Kenya: Replanting vanishing forests with slingshots and seeds (Trust)

March 24, 2019
A translation for this article is available in French

In the early morning on school holidays and weekends, Eric Ndung’u heads off to herd his family’s goats in the plains of Kisaju, south of Nairobi, Kenya.

Eric is 11. While herding, he hunts birds with a slingshot. But now, he has found another use for his slingshot: planting trees.

Before he leaves with the goats, the young boy runs to a neighbour’s house to get a packet of seed balls, made with charcoal dust, cassava starch, and tree seeds. The balls work as ammunition to bring down birds. And when left on the ground, they gradually break down, releasing tree seeds that take root.

To combat deforestation and rebuild the nation’s depleted forests, Kenyans are trying some novel approaches, among them recruiting herder boys—as well as hot air balloonists and paragliders—to the cause.

Teddy Kinyanjui is a conservationist living in Nairobi’s Kabete estate. He makes slingshots and seed balls with seeds provided by the Kenya Forest Research Institute. Mr. Kinyanjui studies which trees grow best in each area, then manufactures seed balls designed for that area. He inherited a love of trees from his late father.

Maxwell Kinyanjui was a professor at the University of Nairobi who invented an environmentally-friendly charcoal stove and planted a forest near Kisaju, which his son now maintains.

The efforts of the father and son are part of a broader push to combat forest loss in Kenya. The United Nations recommends that countries maintain at least 10% of their land in forest—but Kenya has only 7%.

Too many seeds are eaten by insects, birds, or goats. So Teddy Kinyanjui uses charcoal dust to pack the tree seeds and give them a better chance of sprouting. He explains: “You can imagine if you just took a handful of seeds and threw them down on the ground and waited for three more months until rains come—it’s just going to get eaten by something.”

The charcoal dust deters animals. When the rains arrive, they wash the coating away, allowing the seeds to sprout.

Teddy Kinyanjui has helped distribute about two million tree seeds across the country, focusing on areas where charcoal-making has led to deforestation.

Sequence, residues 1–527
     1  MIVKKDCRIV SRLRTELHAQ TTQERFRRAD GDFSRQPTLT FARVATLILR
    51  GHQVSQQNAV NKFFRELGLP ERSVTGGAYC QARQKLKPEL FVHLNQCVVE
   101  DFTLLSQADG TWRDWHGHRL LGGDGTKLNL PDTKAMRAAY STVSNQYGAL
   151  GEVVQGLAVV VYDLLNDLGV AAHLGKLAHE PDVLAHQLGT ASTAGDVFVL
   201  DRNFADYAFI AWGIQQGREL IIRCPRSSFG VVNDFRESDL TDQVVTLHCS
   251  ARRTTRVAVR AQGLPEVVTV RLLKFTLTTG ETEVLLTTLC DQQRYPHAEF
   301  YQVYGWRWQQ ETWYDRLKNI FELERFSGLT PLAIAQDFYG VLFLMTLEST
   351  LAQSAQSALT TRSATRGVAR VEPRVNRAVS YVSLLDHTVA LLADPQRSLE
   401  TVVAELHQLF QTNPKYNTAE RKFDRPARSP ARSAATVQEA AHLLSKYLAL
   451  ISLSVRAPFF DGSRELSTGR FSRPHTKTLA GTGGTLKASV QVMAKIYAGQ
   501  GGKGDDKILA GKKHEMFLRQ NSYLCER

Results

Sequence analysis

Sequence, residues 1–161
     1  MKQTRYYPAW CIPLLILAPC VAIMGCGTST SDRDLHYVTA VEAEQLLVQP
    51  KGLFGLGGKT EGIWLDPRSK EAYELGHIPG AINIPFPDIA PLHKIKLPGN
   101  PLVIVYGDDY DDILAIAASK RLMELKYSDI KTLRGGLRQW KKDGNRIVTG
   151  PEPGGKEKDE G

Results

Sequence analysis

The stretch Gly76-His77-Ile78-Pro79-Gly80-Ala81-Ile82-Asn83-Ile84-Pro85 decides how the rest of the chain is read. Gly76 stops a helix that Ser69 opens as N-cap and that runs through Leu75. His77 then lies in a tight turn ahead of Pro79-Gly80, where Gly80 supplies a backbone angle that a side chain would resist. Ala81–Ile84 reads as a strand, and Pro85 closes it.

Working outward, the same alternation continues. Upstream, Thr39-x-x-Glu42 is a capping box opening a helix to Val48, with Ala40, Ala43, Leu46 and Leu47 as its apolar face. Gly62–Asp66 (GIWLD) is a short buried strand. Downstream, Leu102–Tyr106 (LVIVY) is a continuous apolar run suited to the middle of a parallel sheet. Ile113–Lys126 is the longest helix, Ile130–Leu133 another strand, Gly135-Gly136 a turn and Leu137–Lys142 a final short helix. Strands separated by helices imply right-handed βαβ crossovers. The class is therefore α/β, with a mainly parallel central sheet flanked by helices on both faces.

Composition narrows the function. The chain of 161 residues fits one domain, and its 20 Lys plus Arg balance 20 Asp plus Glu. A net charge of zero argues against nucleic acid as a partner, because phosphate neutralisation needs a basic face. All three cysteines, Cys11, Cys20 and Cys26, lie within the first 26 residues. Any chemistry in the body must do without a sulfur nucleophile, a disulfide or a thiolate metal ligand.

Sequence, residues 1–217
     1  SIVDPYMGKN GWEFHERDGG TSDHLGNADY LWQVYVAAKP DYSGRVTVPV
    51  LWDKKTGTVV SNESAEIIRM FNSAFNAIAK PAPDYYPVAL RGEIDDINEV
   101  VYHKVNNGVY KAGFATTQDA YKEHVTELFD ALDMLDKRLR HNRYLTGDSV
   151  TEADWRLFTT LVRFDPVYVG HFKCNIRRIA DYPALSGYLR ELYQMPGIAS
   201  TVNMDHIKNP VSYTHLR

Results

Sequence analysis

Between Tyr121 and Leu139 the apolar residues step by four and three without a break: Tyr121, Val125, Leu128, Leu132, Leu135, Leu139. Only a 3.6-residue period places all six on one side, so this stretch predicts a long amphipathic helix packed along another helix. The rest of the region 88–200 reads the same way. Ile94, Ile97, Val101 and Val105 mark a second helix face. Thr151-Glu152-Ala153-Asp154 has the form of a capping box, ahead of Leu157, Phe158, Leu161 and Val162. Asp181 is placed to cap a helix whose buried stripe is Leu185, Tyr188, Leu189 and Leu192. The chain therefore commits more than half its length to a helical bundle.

To encourage herder boys to use the seed balls, Teddy Kinyanjui organizes shooting competitions. Those who sling the balls the farthest win certificates.

He also persuaded airplane companies, and owners of hot air balloons and paragliders to release the balls, and sells some to corporations, who distribute them to customers and staff as part of corporate social responsibility campaigns.

He recognizes that not all the seeds will sprout and survive, particularly with hungry goats foraging in many areas. But he says it’s better than nothing.

Protecting and expanding forests is one of the cheapest and surest ways to curb climate change, experts say.

But not everyone in Kisaju was happy with the effort to restore forest to the area. At first, community members in Kisaju demanded that the boys pick up and remove seed balls.

But with a little discussion and time, people have come around. Douglas Ole Lenku is a cattle herder in the area. He said he now understands that more trees means more rain—and that’s good for his animals.

He says, “We will be happy as Maasai [people] if the trees bring rain because the drought is almost killing us and our animals.”

In fact, Mr. Ole Lenku now has a slingshot of his own.

He says, “Whenever I am herding here, I just shoot and enjoy. One cannot get bored with a packet of almost 700 tree seedlings and a slingshot.”

This story is based on an article titled, “Slingshots in hand, Kenyans work to replant vanishing forests,” originally published by Thomson Reuters Trust. To read the full story, go to: http://news.trust.org/item/20180910103711-875ni